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Yair Lapid Photo: Reuters
Yair Lapid Photo: Reuters

Size does matter

Op-ed: Yesh Atid leader Lapid making good on his campaign promise for small government without the haredim

Sima Kadmon
Published: 03.12.13, 12:07 / Israel Opinion

Over the past few weeks we have been fed disinformation, mainly by Likud sources. According to the various false reports and spins, several governments had been formed: A government with the haredim and Lapid, but without Bennett; a government with the haredim and Bennett but without Lapid; a coalition that includes Likud-Beiteinu and Labor; and a small government only with the haredim, which Bennett was supposed to join later as though he were jumping head first into an empty pool. Not to mention the reports from Saturday night of a bloated government consisting of 25 ministers, in addition to deputy ministers and ministers-without-portfolio.


The pundits were quick to determine that Lapid had failed, as he promised a small government.

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Now, just two days later, the entire picture has changed: Israel's 33rd government will apparently consist of one prime minister, 20 ministers and eight deputy ministers – meaning it will be significantly smaller than the current government, which is the most bloated in Israel's history – 30 ministers, portfolios that were invented by witty copywriters, four ministers-without-portfolio and another nine deputy ministers.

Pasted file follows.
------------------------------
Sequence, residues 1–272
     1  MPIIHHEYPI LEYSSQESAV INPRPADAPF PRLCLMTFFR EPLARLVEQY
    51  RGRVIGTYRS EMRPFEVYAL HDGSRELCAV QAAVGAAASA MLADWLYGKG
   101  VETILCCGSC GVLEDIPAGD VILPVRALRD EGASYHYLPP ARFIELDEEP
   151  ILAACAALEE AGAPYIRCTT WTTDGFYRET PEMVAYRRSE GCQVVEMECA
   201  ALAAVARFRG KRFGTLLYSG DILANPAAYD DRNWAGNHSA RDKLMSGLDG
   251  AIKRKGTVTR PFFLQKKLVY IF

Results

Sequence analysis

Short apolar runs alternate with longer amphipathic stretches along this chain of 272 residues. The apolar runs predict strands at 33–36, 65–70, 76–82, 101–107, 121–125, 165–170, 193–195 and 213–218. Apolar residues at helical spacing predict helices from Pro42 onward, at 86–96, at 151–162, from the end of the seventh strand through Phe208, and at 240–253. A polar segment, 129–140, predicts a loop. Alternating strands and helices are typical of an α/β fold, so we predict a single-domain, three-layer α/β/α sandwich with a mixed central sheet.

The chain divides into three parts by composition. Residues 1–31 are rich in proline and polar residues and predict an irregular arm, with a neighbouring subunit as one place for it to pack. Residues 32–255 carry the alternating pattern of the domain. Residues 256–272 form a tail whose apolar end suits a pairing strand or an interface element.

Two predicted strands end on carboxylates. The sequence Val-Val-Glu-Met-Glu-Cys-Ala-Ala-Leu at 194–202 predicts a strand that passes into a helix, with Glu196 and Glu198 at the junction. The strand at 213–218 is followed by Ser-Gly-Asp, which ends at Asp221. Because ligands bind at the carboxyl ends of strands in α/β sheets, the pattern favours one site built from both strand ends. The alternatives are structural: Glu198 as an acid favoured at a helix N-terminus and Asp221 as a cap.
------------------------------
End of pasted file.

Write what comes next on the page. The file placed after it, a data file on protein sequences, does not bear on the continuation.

Prime Minister Netanyahu's decision to accept Lapid's demand for a smaller cabinet may be part of his attempt to convince the Yesh Atid chairman to forgo the education portfolio. But perhaps, in addition to making good on the promise to his voters for a small government without the ultra-Orthodox – Lapid will also obtain the education portfolio, which he has been aiming for ever since he entered politics and has designated from the very beginning for his number two - Rabbi Shay Piron.


On Monday night a senior Likud official complained that Lapid is dictating everything to Netanyahu, including the size and composition of the next government. What's clear is that whatever happens during the coalition negotiations until the next government is sworn, it will not be enough to compensate the offended Likud members who believed they deserved to become ministers.


Netanyahu even managed to make an enemy of Knesset Speaker Reuven Rivlin, who did not want to become a minister. Rivlin was all smiles at the Knesset yesterday, but anyone who watches "House of Cards" knows how many faces revenge has.



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